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Cyber attack hits 200000 in at least 150 countries -Europol
November 25 2017, 07:29 | Rex Rios
But many corporations don't automatically update their systems, because Windows updates can screw up their legacy software programs.
Microsoft on Sunday said a software vulnerability stolen from the U.S. National Security Agency has affected customers around the world, and described the spread of the WannaCrypt ransomware on Friday in many countries as yet another example of the problems caused by the stockpiling of vulnerabilities by governments.
Experts said it appeared that the ransomware had made just over $32,000, although they expected that number to pop when people went back into the office Monday.
Victims are then asked to pay a ransom to unscramble their files. Cyber criminals targeted users in 150 nations, including the U.S., Russia, Brazil, Spain, and India, along with major government agencies, such as the U.K.'s National Health Service and Germany's national railway. Copycat attacks could follow.
Security experts have warned that another attack is imminent and could be unstoppable.
Among those affected by the virus was Nissan, but the vehicle manufacturer said there had been no major impact.
Europol director Rob Wainwright said the attack was indiscriminate across the private and public sectors.
"The numbers are going up".
The hackers behind WannaCry took things a step further by creating a ransomware worm, allowing them to demand ransom payments not just from individual but from entire organizations - maybe even thousands of organizations.
Microsoft issued a "highly unusual" security patch for the out-of-support Windows XP, Windows 8, and Windows Server 2003 operating systems over the weekend to fix the holes in SMBv1.
The patches won't do any good for machines that have already been hit.
"I feel quite sorry for them - they are faced maybe not with the best systems".
Britain's National Cyber Security Center said it could have been much worse if not for a 22-year-old Britain-based cybersecurity researcher.
"The recent attack is at an unprecedented level and will require a complex worldwide investigation to identify the culprits", it said in a statement.
The identity of the hacker who perpetrated the wave of attacks remains unknown. Company President Brad Smith has posted a response to the attack that roasts the NSA, CIA and other intelligence agencies for hogging security vulnerabilities instead of disclosing them to be fixed.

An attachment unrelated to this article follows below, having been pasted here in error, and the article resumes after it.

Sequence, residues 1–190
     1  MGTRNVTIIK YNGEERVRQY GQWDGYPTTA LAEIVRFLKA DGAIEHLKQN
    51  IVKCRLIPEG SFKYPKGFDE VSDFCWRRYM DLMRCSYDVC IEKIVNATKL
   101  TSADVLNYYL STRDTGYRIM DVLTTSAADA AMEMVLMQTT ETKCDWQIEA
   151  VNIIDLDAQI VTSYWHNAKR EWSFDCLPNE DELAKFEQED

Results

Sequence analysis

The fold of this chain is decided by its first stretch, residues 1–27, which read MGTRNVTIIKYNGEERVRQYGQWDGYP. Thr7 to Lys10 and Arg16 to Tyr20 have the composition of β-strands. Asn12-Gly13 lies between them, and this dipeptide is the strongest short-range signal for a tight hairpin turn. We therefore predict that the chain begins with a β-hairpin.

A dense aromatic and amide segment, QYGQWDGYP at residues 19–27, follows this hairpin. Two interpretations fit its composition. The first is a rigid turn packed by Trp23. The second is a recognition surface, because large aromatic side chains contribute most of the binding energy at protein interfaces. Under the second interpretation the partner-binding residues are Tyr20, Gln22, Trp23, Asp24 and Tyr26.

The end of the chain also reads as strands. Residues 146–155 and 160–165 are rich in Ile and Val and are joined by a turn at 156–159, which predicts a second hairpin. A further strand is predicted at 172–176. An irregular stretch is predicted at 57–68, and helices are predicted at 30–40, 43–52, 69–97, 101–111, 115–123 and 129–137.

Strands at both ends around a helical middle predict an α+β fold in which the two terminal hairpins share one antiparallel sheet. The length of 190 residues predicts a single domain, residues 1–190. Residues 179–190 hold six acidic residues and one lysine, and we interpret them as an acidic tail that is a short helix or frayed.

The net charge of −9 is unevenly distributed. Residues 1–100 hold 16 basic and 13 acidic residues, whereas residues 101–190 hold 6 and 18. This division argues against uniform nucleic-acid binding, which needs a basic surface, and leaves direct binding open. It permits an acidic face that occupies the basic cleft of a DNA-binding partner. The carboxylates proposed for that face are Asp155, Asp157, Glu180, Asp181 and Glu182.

High-profile victims include hospitals in Britain, the Spanish telecoms firm Telefonica, French carmaker Renault, US package delivery firm FedEx, Russia's interior ministry and German rail operator Deutsche Bahn.
A number of hospitals in England and Scotland were forced to cancel procedures after dozens of NHS systems were brought down, with doctors reporting how their computers were locked "one by one" as the attack spread over the weekend.
And that's for a simple reason: Individuals and organizations alike are fundamentally awful about keeping their computers up-to-date with security fixes.
Experts say it will be hard for them to replicate the conditions that allowed the so-called WannaCry ransomware to proliferate across the globe. Organizations had two months to update their Microsoft products, which would have protected their systems.
'We're not talking about a government organisation or a hospital or anything like that.
Meanwhile health authorities are racing to upgrade security software amid fears hackers could exploit the same vulnerability with a new virus.
When CNNTech first reported the Microsoft vulnerabilities leaked in April, Hickey said they were the "most damaging" he'd seen in several years, and warned that businesses would be most at risk.
For now, the ransomware outbreak has been somewhat contained thanks to a United Kingdom researcher who managed to accidentally shut the operation down by simply registering a domain. Lieu said it is "deeply disturbing" the NSA likely wrote the original malware used to ransom computers.